Op-Ed Columnist - California Death Spiral - NYTimes.com
It looks like the unraveling of our insurance system may have just began. Its pretty obvious that the collapse would have started in the most expensive and risky market, individual insurance.Here’s the story: About 800,000 people in California who buy insurance on the individual market — as opposed to getting it through their employers — are covered by Anthem Blue Cross, a WellPoint subsidiary. These are the people who were recently told to expect dramatic rate increases, in some cases as high as 39 percent.
Why the huge increase? It’s not profiteering, says WellPoint, which claims instead (without using the term) that it’s facing a classic insurance death spiral.
Basically whats happening is that as insurance prices go up, more people who don't need insurance at the moment are dropping it, which worsens the risk pool, causing a downward spiral.
I think this problem will affect company provided insurance at some point to. The company I currently work for is doing some fairly drastic things to try to keep insurance cost inflation under 7%. We are losing a lot of benefits because of it. Eventually, that camel's back is going to break.
I tried to find comparisons between California and other states, but I was not successful. But the fact is, that if we sold insurance across state lines (which probably isn't a bad idea) the only real effect it looks like it would have is to slow down the deterioration. For exampleMore broadly, conservatives would have you believe that health insurance suffers from too much government interference. In fact, the real point of the push to allow interstate sales is that it would set off a race to the bottom, effectively eliminating state regulation. But California’s individual insurance market is already notable for its lack of regulation, certainly as compared with states like New York — yet the market is collapsing anyway.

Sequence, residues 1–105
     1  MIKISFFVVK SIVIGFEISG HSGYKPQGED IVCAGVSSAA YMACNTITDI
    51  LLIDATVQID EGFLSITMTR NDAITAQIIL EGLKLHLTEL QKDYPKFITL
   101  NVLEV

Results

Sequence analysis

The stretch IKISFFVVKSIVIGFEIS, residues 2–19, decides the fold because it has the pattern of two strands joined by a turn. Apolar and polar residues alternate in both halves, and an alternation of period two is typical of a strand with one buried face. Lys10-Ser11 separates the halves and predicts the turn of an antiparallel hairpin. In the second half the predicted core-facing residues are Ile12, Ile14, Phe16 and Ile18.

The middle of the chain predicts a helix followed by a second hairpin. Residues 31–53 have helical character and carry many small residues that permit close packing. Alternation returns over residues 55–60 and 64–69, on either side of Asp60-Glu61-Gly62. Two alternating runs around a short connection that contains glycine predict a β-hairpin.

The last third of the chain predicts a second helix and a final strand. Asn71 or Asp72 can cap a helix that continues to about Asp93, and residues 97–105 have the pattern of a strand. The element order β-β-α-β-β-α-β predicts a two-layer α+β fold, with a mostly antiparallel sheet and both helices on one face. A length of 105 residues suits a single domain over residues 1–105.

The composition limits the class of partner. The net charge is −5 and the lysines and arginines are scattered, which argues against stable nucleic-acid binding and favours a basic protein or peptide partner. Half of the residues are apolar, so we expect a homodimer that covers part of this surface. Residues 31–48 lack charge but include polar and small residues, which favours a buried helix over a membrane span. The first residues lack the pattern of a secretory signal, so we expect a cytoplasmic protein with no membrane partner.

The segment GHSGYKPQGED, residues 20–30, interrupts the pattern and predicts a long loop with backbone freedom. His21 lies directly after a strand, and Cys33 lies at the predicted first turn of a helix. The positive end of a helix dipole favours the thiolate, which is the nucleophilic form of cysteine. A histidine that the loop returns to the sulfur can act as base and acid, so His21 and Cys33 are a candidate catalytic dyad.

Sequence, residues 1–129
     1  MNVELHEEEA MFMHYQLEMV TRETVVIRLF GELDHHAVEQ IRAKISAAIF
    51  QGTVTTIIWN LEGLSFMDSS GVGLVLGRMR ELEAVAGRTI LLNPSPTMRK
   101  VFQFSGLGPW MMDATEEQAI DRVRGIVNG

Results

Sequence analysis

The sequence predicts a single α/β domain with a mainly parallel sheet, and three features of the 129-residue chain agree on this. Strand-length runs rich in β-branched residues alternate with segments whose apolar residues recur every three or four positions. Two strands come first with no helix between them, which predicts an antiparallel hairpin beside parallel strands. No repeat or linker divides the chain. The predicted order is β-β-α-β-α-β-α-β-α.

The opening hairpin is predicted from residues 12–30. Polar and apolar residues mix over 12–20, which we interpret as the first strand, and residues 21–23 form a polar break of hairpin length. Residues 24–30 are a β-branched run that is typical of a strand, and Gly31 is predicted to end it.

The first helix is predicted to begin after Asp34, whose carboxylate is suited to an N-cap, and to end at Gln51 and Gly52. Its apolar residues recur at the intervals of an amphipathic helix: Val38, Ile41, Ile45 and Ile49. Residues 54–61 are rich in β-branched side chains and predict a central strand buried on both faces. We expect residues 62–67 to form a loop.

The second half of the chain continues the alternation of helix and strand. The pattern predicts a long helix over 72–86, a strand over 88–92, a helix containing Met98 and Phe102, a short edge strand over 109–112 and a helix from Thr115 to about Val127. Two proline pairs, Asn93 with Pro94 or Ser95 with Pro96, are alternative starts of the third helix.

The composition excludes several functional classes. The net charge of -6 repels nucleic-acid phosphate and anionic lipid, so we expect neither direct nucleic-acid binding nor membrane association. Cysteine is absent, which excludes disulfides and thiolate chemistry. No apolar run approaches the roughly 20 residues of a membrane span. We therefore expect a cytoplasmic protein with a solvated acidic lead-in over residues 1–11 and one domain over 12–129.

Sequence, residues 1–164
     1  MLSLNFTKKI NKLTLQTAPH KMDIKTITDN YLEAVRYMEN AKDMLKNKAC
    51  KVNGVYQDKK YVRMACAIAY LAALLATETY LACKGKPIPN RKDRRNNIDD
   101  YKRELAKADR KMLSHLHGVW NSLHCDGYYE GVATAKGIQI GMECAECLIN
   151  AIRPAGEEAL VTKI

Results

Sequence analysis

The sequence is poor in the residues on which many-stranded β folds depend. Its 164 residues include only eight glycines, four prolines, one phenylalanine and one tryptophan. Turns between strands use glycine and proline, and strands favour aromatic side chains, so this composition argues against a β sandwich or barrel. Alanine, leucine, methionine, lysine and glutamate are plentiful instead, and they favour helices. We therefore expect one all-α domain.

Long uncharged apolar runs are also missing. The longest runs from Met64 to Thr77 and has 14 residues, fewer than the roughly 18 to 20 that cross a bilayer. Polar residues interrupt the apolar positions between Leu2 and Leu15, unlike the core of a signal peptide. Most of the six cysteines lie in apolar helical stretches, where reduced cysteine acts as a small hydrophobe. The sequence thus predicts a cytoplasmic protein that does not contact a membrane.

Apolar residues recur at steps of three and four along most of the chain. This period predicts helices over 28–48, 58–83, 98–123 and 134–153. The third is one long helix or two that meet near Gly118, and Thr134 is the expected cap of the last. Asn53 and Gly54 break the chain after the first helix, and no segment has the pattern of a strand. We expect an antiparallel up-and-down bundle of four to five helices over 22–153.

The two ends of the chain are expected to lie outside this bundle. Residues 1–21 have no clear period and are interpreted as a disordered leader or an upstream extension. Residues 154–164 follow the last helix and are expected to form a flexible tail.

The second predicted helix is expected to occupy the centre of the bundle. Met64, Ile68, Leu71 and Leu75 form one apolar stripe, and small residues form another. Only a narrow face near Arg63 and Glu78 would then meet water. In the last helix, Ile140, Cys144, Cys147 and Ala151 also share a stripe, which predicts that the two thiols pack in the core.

1. California's insurance melts down, as it is currently doing.
2. People start buying insurance from other states, however premiums continue to increase faster than inflation, meaning fewer people can afford it every year.
3. Healthy folks begin to drop out, the risk pool gets worse and we are back to the spiral.
I think we are getting to the point where we have to do something drastically different. The only way any type of insurance is going to be saved is if we fix the risk pool, but mandatory medical insurance is a very unpopular idea.
So given these new developments, what do you guys propose we do to fix this market, or do you think we would be better off if we let the thing fail and go back to direct payments to doctors? Whatever your opinion is, why?